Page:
In March 2020, schools shut down everywhere. Suddenly, I found myself teaching remotely and teaming up with my wife to care for our kids at home. I quickly placed Teachlands on the backburner.
Italy has provided me with an exciting opportunity to finally carry out the original mission of Teachlands. This school year, I’m learning more about two fascinating Italian approaches to education.
- Reggio Emilia and Montessori
Since I started my teaching career in 2009, I’ve heard bits and pieces about Montessori and Reggio-Emilia. These Italian child-centered pedagogies have fascinated me.
Moving from Finland to Italy felt like a natural next step since similarities exist between Finnish education, Montessori, and Reggio-Emilia. This coming year I’m excited to see how these approaches compare to one another.
The pandemic pushed us to try homeschooling with our eldest, who’s in third grade this year. In many ways, he has thrived as a homeschooler.
For this school year, we thought it would be fun to homeschool all our children while living in Italy. We don’t see ourselves as a homeschooling family just yet, but we’re intrigued by this lifestyle.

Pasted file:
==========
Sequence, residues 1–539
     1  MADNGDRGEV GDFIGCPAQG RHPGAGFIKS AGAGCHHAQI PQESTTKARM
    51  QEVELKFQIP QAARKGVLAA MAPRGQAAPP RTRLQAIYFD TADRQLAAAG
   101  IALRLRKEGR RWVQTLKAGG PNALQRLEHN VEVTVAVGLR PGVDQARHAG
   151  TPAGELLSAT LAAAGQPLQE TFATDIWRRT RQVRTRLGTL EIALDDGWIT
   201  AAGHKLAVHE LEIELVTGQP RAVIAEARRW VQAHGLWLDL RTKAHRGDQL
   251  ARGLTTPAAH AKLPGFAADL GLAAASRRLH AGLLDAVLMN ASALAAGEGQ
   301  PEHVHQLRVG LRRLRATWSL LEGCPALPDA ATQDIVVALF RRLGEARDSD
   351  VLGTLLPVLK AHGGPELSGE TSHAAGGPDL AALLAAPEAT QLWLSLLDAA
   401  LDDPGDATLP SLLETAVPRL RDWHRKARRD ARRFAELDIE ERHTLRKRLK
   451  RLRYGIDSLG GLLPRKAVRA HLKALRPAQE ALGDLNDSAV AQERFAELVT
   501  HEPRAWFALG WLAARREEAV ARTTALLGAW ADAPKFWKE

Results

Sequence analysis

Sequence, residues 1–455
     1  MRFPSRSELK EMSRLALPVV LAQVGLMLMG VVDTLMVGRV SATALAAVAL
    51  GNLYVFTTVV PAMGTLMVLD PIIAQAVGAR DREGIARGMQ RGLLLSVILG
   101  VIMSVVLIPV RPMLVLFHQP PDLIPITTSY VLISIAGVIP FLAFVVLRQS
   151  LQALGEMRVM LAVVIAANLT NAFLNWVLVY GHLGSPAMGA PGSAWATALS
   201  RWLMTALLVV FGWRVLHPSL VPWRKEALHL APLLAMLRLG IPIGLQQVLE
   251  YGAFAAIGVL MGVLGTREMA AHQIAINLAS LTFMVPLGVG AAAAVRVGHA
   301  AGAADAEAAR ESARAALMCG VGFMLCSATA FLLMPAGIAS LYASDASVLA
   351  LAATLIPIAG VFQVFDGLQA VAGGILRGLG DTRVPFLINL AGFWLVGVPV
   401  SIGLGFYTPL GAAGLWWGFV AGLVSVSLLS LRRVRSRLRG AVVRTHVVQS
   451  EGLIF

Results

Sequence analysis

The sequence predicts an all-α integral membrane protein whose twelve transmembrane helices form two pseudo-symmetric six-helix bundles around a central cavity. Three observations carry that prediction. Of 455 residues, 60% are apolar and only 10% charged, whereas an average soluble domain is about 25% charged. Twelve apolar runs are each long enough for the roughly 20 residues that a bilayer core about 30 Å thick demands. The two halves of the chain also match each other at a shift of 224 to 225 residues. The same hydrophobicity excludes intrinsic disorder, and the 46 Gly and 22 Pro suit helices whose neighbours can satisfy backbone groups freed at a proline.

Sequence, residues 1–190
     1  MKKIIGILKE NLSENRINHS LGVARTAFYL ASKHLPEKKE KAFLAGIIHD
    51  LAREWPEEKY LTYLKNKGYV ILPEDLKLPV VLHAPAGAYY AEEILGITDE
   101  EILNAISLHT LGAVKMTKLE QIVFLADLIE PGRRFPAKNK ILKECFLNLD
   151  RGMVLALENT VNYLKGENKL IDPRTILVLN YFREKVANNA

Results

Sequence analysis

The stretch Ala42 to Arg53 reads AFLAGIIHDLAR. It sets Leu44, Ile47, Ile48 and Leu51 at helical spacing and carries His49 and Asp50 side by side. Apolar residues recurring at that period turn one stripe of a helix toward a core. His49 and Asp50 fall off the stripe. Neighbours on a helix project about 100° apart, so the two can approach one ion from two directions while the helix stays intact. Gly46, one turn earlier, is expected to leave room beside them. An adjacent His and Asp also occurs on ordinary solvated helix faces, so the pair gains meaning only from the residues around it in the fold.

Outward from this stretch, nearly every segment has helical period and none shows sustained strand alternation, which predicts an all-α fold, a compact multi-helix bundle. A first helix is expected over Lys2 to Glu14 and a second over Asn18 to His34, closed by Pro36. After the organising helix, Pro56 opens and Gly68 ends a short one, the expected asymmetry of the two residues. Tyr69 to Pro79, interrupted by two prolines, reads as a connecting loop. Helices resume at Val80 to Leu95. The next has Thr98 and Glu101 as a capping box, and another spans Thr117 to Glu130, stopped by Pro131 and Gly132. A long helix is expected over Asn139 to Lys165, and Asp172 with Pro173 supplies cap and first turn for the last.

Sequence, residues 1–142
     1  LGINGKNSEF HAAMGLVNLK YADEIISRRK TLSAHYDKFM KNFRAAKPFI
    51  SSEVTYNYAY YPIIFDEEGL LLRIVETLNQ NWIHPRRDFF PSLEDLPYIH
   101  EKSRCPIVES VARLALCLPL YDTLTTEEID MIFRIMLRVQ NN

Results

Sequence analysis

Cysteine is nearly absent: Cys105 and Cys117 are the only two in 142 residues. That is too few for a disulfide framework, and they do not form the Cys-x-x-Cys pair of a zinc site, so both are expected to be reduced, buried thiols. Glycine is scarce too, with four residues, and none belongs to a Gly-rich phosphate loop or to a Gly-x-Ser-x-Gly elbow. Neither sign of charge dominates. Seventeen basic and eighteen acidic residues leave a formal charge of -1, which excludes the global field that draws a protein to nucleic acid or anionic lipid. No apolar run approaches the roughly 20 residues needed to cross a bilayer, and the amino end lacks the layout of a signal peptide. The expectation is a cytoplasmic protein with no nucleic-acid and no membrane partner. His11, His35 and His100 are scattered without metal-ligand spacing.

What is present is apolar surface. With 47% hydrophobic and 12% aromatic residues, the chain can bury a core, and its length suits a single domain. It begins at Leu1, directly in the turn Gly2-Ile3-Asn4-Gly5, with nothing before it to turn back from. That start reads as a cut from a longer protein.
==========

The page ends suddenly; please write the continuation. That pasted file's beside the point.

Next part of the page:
Homeschooling offers us flexibility and freedom. During a year of travel and exploration, those ingredients are essential.
What’s hardest about the weather in Finland is the darkness.
Consider this headline from 2020: “Many parts of Finland see zero hours of sunshine in December.”
Yes, you read that correctly. Zero hours of sunshine in December 2020. Can you imagine not seeing the sun for an entire month because of low-hanging clouds?
In Northern Italy, we’ve enjoyed the sunnier weather.
- Cost of living
Before moving to Italy, we used to spend nearly a thousand Euros ($1200) on groceries every month! Granted, our kids eat like there’s no tomorrow, but still.
For months, we attempted to lower this sum through budgeting. We’ve even skimped on avocados and almonds. Despite our best efforts, we failed to spend significantly less on groceries.
In Finland, the price of consumer goods is 26% higher than the EU average.
Italy’s more affordable. Already, we’re seeing our grocery bill cut down by a third! The only problem is that we’re eating out more, so it’s become a zero-sum game.
Home is where the heart is
Recently, our middle child surprised my wife, Johanna, with this question: “Are we homeless?”
Not wanting to stress her out, Johanna quickly assured our daughter that we were not. She reminded her that we had a nice place to stay in Italy—our “home” for this season.
We know what’s behind our daughter’s question. She had a home in Finland. We all did. But we chose to move out. In one sense, we are homeless.
Our search for our next home continues, but for now—for all the above reasons—we’re savoring our time in Reggio Emilia, Italy.
Tim Walker is an American teacher, writer, and speaker living in Connecticut. He is the author of Teach Like Finland: 33 Simple Strategies for Joyful Classrooms and he created two online courses: The Finnish Education Insider and The Joyful Reader.